Equus is as complex as the human mind. Exploring psychological questions such as what does it mean to be normal, and should individuality be sacrificed for the sake of normality? Whilst propelling a mystery, crime story, and a psychological thriller, Peter Shaffers Equus examines the minds of a young stable boy who has blinded several horses and the aging psychiatrist asked to cure him. But would a cure really normalize the teenager?
A seventeen year old boy, Alan is brought to a psychiatric hospital because he has blinded six horses with a hoof pick. Dysart, a psychiatrist, works to normalize the boy, feeling that as he makes the boy safe for society, he is taking away his worship and sexual vitality, both of which are missing in the doctors own personal life. Dysart actually envies Alan and the sexual worship he has experienced. In spite of his own hang-ups, the doctor does help the boy work through his obsession, in which he identifies the horse Equus with God.
Shaffer is expressing to his audience that taking away the atypical aspects of this boy would take away part of the person he is, part of the character he has developed and most important, the God he worships.
When Equus leaves – if he lives at all – it will be with
your intestines in his teeth…Ill give him the good, normal
world…and give him normal places for his ecstasy…
Passion, you see, can be destroyed by a doctor it cannot
Pages 92 & 93*
Alans love for horses develops into devotion, a religious passion for the horses as all-powerful Gods. As Dysart envies Alans passion for horses, a type of passion that he knows he will never feel, he questions his livelihood as a healer. He is healing nothing by removing the boys worship and faith. Is it right or worthwhile to try to normalize Alan when what others consider his infatuation with horses, he considers his religion.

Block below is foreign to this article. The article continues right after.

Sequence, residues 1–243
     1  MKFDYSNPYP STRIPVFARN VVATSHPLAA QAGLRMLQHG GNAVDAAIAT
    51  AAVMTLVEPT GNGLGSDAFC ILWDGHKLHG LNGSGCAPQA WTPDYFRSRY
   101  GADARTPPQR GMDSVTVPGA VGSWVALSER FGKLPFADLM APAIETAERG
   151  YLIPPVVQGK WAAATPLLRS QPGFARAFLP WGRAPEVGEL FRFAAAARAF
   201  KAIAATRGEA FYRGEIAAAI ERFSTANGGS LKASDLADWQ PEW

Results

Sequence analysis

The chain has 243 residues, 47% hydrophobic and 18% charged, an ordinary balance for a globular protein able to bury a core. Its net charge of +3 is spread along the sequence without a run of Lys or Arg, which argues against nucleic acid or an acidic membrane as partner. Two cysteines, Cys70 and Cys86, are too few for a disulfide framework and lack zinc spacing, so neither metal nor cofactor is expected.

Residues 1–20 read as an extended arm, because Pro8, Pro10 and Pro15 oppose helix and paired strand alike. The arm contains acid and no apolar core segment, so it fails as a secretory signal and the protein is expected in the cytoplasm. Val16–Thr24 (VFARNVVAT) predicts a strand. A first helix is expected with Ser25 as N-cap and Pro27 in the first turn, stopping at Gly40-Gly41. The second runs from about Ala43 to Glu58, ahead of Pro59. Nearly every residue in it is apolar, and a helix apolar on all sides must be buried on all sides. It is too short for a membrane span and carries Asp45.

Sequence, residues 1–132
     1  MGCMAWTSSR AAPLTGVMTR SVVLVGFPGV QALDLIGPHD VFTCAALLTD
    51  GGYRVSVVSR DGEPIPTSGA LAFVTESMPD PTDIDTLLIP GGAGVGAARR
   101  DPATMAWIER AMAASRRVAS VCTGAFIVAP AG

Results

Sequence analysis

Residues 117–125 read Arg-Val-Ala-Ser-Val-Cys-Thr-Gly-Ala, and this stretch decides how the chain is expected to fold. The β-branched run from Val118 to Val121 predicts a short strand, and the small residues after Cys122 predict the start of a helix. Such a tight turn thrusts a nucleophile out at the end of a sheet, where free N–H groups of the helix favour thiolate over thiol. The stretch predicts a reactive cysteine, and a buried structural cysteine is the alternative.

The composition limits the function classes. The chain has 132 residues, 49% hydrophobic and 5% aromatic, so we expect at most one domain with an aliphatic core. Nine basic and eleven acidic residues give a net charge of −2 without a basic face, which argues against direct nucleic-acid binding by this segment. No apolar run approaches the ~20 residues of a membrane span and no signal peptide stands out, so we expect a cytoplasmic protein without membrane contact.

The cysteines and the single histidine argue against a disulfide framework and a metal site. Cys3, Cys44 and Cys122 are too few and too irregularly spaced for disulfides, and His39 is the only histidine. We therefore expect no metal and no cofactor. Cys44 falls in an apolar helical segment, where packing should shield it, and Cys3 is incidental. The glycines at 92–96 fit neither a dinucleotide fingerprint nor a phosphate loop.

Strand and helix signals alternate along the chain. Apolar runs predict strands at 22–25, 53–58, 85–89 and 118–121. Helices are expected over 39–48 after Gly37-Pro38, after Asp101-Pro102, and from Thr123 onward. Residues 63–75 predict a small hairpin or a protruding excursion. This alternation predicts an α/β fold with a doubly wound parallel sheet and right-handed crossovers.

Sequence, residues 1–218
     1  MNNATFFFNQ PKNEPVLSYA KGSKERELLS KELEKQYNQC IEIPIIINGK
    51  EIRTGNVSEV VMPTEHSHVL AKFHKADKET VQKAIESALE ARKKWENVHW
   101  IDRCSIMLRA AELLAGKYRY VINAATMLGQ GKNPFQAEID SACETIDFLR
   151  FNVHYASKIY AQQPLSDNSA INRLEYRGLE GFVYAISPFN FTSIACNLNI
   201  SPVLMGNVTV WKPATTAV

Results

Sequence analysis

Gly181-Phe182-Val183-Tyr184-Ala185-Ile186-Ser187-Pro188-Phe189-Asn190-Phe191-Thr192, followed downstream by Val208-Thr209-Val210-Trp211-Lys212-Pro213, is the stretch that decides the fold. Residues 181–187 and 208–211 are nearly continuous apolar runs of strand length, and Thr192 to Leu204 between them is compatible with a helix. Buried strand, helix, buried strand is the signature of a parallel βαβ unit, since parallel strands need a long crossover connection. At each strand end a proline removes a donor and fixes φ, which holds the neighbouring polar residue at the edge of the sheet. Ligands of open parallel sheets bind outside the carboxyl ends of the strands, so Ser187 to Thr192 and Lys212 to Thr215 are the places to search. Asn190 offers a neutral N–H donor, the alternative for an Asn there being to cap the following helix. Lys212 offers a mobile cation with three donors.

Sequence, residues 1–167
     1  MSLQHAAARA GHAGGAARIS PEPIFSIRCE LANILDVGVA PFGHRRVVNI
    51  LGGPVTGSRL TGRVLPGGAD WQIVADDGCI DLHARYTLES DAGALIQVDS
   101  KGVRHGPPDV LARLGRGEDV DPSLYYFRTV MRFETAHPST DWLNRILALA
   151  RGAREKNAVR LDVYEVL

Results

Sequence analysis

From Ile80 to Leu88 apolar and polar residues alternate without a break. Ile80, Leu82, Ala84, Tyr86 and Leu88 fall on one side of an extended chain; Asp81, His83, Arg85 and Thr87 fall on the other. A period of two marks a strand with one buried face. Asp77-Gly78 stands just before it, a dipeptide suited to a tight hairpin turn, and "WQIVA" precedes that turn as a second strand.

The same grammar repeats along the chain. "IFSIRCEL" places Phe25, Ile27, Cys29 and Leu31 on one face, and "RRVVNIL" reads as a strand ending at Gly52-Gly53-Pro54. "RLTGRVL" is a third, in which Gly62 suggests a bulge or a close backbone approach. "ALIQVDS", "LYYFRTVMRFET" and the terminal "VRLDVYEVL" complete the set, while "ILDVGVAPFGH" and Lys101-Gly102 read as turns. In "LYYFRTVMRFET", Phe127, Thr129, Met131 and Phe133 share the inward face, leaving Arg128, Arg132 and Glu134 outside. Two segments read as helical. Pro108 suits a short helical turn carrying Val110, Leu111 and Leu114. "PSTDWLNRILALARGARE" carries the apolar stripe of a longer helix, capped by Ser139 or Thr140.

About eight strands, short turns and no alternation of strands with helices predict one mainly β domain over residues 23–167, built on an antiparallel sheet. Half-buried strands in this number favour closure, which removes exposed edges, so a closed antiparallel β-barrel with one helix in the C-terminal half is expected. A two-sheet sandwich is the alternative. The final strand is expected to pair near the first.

Dysart: What am I trying to do to him?
Hesther: Restore him, surely?
Dysart: To what?
Hesther: A normal life.
Hesther: it still means something.
Dysart: Does it?page 47*
Shaffer employs to the reader that there is a place in society for eccentric, different, individual, passionate and nonconformist people, Alans own parents are the prime example. Alans background includes a fanatically religious mother who is polarized by a socialistic atheist father who opposes television. Alans fathers distaste with television is further contradicted by his mothers allowance of the television medium to play a significant role in Alans life.
Frank: …its the Bible that responsible for all this…night after night having this stuff read to him: an innocent man tortured to death…Bloody religion, its our only real problem in this house.
Dora: (to Dysart)You must excuse my husband, Doctor. This one subject is something of an obsession to him…
Frank: Call it what you like. All that stuff to me is just bad sex.
These contrasting beliefs of his parents leads Alan into a world of personal problems which encompasses an understanding of the world formed largely by watching television, an inability to read, a distorted view of sex and violence, and no sense of his place in society.
The plots painful journey into the tortured mind of Alan Strang and the equally conflicted mind of child Psychiatrist Martin Dysart created an inharmonious encounter at first. Their differences, and more importantly there own abnormalities soon let both Dysart and Alan accept each other. Shaffer condemns and criticizes modern religion, as Alans extreme actions are almost justified as an act of religious fanaticism.
What does society mean by the term normal? Is it conforming to societies ideals of marriage, having a job and career path or developing political views? At the same time society says we should follow a religion, so this may well mean that Alans ritual was part of his religion. Overall Equus is not about religion, normality violence or even love and sex, it is a play about passion. Dysart took on the characteristics of his of his dreams, he had stolen Alans passion whilst giving him his pain or true normality.